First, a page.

keyframe

Member
The animation industry as a whole has been moving in this direction for quite a while. There’s already been numerous examples of de-aging actors such as Michael Douglas‘ Hank Pym in Ant Man to full digital assets like Jeff Bridges’ character Clu from Tron Legacy or Carrie Fisher (Leia) / Peter Cushin (Tarkin) from Rogue One. Every single recent Marvel movie uses a digital likeness of the actors for action scenes in some form or another. The game industry is already employing similar techniques with full digital likenesses of live actors such as Nathan Fillion (Gunnery Sergeant Buck) in Halo, Norman Reedus (Sam Porter Bridges), Mads Mikkelsen (Cliff Unger) and Guillermo del Toro (Deadman) in Death Stranding, or the upcoming Cyberpunk 2077 using Keanu Reeves as Johnny Silverhand.

Uncanny valley has certainly played a factor in how much these techniques are employed on front line assets in the movies and is probably still the single biggest hurdle to overcome. We are all acutely adept at spotting even the slightest discrepancy in a digital asset’s performance. But the technology is rapidly advancing to combine an actors live facial or full body captured performances, and augmented by skilled animators, with their hyper realistic digital representations. Every movie they make and every actor they recreate brings the industry one step closer to perfecting and evolving the craft. And ultimately, the benefits are enormous. Primarily, studios can use digital assets for real-world actors, especially for difficult (age/availability) or dangerous (action) situations. But building on these techniques, they can create completely original, realistic (or beyond realistic - ex: Thanos) characters that are truly timeless while still employIng actors and animators to breath life into them using traditional acting and animation methods.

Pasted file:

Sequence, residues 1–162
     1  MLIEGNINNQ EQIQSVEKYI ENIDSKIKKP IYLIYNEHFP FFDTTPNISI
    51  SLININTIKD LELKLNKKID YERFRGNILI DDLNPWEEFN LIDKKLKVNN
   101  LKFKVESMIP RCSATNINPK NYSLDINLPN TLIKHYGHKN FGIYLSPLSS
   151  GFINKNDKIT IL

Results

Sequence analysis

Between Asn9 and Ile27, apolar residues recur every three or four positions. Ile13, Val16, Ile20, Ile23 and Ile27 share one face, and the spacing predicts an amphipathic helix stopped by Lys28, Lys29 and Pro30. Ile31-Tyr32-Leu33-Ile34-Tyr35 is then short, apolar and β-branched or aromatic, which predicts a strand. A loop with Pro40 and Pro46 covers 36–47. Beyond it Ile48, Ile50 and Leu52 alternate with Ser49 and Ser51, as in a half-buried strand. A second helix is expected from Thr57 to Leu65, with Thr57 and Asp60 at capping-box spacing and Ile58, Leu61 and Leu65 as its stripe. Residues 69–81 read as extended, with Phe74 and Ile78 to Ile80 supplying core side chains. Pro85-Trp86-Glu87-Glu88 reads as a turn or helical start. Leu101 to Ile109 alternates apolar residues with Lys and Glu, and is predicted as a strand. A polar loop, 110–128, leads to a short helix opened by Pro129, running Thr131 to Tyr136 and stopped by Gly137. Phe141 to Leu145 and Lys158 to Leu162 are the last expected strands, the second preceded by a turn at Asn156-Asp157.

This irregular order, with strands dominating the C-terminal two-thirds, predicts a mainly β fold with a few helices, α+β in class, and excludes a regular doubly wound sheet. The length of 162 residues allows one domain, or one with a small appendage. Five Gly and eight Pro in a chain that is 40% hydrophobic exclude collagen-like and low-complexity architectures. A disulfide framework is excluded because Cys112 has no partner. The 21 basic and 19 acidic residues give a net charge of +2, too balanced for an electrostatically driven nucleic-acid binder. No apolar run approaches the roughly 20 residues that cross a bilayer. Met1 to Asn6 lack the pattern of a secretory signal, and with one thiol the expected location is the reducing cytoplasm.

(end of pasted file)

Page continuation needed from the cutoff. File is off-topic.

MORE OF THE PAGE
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larryz

Today's Maytag Repairman
Premium Member
The “human element” can be replicated with extreme precision. Whether Disney’s technology works in 2020 is debatable. But would you bet against 2030 technology? Or what about 2040 technology? This will go mainstream. It’s a matter of when not if.
Well, when Chris Haydenson and Portly Noodelman froze the screen in Star Wars -- The Fandom Menace and Star Wars -- We Are The Clones, I was convinced ILM had already figured out how to animate marionettes. I call it the "Reverse-Pinocchio" paradox -- how live actors can appear wooden and lifeless.
 
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GladToBeHear

Well-Known Member
It's already been done. And I think we can all agree that the effect is basically flawless.

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NoBreyner60

Active Member
Maybe I wouldn't mind if they did something like this if they could improve on what they did for Jeff Bridges on Tron Legacy. Maybe they could do a movie that happens five years after Return of the Jedi that uses a slightly aged Luke Skywalker that they can get Mark to do a voiceover. Maybe fill in gaps in movies where years between movies and the actors aging keeps a more smooth progression of a story without the jarring 20+ year gaps of time.
 

The Mom

Moderator
Premium Member
This has been an interesting topic - thank you @WDW Pro. I never knew that the creepy feeling I got while watching Polar Express actually has a name - uncanny valley. But I'm not a big movie tech fan so had not heard it before.

As someone mentioned, a generation that has grown up with this technology might not be bothered by it. Just as my parent's (and your grandparent's) generation was not as bothered by sound stages as mine is - especially for scenes in cars, water, etc.
 

keyframe

Member
Maybe I wouldn't mind if they did something like this if they could improve on what they did for Jeff Bridges on Tron Legacy. Maybe they could do a movie that happens five years after Return of the Jedi that uses a slightly aged Luke Skywalker that they can get Mark to do a voiceover. Maybe fill in gaps in movies where years between movies and the actors aging keeps a more smooth progression of a story without the jarring 20+ year gaps of time.